But let’s say, for the sake of argument, you are a force to be reckoned with and you actually managed to hear word back. Go into the situation with the understanding on what kind of person they are and know how to direct them accordingly.
Make sure they talk about the big picture (their overall impression and opinion on the large-scale events, including flow and magnitude of reaction.) Ask them about little details. Let them talk for a while before putting ideas into their heads, but then feel free to pry deeper into their opinion. Don’t let them get away with 1) Being too nice or 2) Trying to be clever. Tell them when you feel they’re saving your feelings. Remember, when someone is spending a lot of effort on saying things in a smart way, you can just ask the question: What is the problem you are trying to solve?
Lastly, their impression of your work doesn’t matter. They are the janitor who tells you your shirt is tucked into your underwear before you go and speak in front of a large crowd, or thinks your joke isn’t funny. He isn’t as experienced as you, but he can still be the thing that prevents an obvious mistake from happening. Don’t be concerned if they like it or not; just ask yourself why they like it or not.
Day 19. Write for four 15-minute intervals.
At this point we should be around 70,000 words, this means only 20 to 30 thousand more to go. Start wrapping up.
Day 20. Write for four 15-minute intervals.
Day 21. Write for four 15-minute intervals.
Day 22. Edit 10 pages of second book.
Day 23. Write for four 15-minute intervals.
Day 24. Write for four 15-minute intervals.
Day 25. Write for four 15-minute intervals.
Day 26. Edit first 30 pages of first book using friend’s feedback.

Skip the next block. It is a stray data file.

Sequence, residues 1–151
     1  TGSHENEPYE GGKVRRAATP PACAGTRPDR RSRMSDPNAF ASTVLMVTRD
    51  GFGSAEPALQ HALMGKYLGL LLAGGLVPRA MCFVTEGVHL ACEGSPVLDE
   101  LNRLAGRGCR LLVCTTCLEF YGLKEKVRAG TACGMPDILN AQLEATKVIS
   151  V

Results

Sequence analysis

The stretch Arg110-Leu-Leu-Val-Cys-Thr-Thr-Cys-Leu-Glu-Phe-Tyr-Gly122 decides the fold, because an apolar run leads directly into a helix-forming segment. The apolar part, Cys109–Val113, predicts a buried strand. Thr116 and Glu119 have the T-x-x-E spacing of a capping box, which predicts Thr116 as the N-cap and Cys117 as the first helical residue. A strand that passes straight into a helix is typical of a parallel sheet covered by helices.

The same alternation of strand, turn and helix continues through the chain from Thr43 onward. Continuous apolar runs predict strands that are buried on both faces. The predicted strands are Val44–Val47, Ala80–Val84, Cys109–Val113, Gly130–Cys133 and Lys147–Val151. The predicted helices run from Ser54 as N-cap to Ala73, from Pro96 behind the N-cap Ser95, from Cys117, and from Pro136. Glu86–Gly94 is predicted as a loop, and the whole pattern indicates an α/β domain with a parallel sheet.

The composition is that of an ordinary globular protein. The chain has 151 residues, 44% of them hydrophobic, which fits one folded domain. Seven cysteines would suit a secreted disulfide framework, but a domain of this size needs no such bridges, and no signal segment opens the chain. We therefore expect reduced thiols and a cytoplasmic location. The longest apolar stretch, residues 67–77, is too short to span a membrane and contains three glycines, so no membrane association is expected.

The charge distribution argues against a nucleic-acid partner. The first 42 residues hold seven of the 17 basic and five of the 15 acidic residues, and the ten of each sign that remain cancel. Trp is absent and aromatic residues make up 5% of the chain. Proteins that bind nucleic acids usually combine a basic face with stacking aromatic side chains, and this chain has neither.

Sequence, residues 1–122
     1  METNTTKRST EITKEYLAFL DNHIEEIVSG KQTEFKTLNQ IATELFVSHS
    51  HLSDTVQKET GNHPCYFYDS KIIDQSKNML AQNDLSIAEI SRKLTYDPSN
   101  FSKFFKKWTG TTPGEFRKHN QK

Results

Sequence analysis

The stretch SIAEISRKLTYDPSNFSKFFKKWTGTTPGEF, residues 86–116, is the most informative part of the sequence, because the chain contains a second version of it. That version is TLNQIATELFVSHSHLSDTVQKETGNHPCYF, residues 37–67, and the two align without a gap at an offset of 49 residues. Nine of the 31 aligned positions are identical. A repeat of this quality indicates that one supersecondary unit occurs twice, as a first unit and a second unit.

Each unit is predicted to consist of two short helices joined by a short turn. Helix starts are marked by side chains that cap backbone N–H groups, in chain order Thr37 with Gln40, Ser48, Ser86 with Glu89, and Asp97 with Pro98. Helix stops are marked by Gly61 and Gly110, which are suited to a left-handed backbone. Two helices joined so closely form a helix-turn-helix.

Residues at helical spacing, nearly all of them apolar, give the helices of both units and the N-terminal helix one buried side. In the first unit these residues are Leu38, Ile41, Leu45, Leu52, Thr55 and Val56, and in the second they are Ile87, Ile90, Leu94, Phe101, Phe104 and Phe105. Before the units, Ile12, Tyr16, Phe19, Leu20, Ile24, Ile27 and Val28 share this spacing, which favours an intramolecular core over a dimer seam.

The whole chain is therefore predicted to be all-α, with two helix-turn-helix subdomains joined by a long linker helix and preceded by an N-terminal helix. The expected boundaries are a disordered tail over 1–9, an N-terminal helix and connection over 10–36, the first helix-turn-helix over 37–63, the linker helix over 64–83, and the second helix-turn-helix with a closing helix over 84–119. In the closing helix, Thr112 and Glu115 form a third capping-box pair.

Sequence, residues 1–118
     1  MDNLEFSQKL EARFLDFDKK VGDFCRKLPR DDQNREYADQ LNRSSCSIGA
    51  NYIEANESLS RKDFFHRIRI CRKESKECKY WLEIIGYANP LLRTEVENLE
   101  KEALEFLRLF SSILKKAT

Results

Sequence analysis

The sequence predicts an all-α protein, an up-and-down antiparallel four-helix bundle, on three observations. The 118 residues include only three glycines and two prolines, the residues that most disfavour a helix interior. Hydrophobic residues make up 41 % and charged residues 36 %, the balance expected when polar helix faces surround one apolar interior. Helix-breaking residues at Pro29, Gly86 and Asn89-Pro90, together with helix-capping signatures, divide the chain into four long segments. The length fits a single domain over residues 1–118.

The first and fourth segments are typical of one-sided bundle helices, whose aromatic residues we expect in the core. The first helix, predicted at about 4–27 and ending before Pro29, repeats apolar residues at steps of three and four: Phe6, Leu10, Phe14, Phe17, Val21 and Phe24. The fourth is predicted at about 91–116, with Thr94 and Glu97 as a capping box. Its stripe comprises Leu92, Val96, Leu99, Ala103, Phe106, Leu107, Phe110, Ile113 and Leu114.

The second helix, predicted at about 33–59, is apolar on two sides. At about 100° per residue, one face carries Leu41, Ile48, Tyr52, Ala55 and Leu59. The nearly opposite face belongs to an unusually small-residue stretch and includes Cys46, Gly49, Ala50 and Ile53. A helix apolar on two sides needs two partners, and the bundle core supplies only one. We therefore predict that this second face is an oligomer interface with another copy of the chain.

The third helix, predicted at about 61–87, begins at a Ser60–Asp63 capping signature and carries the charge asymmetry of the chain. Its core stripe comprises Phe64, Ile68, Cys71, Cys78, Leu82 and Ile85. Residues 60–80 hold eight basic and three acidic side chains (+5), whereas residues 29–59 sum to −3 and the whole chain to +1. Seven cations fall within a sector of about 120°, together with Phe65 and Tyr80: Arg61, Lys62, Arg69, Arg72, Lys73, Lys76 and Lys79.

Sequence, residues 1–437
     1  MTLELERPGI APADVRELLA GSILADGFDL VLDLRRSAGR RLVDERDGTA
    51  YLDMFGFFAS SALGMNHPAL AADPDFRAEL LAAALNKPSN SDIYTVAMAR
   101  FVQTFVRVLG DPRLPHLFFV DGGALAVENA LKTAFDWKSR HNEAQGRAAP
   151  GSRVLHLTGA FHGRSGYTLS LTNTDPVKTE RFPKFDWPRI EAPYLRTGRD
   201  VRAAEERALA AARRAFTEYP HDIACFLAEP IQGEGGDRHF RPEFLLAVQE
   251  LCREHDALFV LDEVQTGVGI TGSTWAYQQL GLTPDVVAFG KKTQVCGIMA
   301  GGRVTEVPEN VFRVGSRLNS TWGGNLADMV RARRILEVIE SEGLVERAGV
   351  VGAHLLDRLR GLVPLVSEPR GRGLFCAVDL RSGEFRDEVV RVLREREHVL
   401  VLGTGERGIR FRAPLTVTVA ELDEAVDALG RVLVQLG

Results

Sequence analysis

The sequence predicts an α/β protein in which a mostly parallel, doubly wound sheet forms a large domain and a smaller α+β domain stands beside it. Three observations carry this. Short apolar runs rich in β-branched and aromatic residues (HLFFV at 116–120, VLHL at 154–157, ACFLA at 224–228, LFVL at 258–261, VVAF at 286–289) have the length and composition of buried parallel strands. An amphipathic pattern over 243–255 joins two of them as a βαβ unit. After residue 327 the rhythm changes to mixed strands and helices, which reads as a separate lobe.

Remember that your priority is to solve your friend’s problems, not use their solutions. Try to figure out what reaction they had (often no reaction) that was wrong, then consider how to solve it.
If they said you have too many characters, consider if they meant that it was boring or confusing. That will tell you who to cut. If you don’t want to cut anyone, it will give you other options, such as spending more time with one specific character rather than equally talking about all of them. If it is confusing, you might just need to name them more memorable names. You are the expert and you can be creative; don’t feel forced to do exactly what they told you.
Day 27. Write for four 15-minute intervals.
Day 28. Write for four 15-minute intervals.
Day 29. Write for four 15-minute intervals.
Day 30. Edit 10 pages of first book.
Day 31. Write for four 15-minute intervals.
You’re almost done with your second novel. Hopefully you have not gotten discouraged with your short stories submissions yet, nor by your friend’s possibly water-downed or awful critique. If that’s an issue, stop worrying whether or not you’re “good enough” or “meant to do this.” If that really is a consideration as to why you want to be an author, you might consider another field because, as any of the greats will tell you, those questions will never be answered. Three more months to go.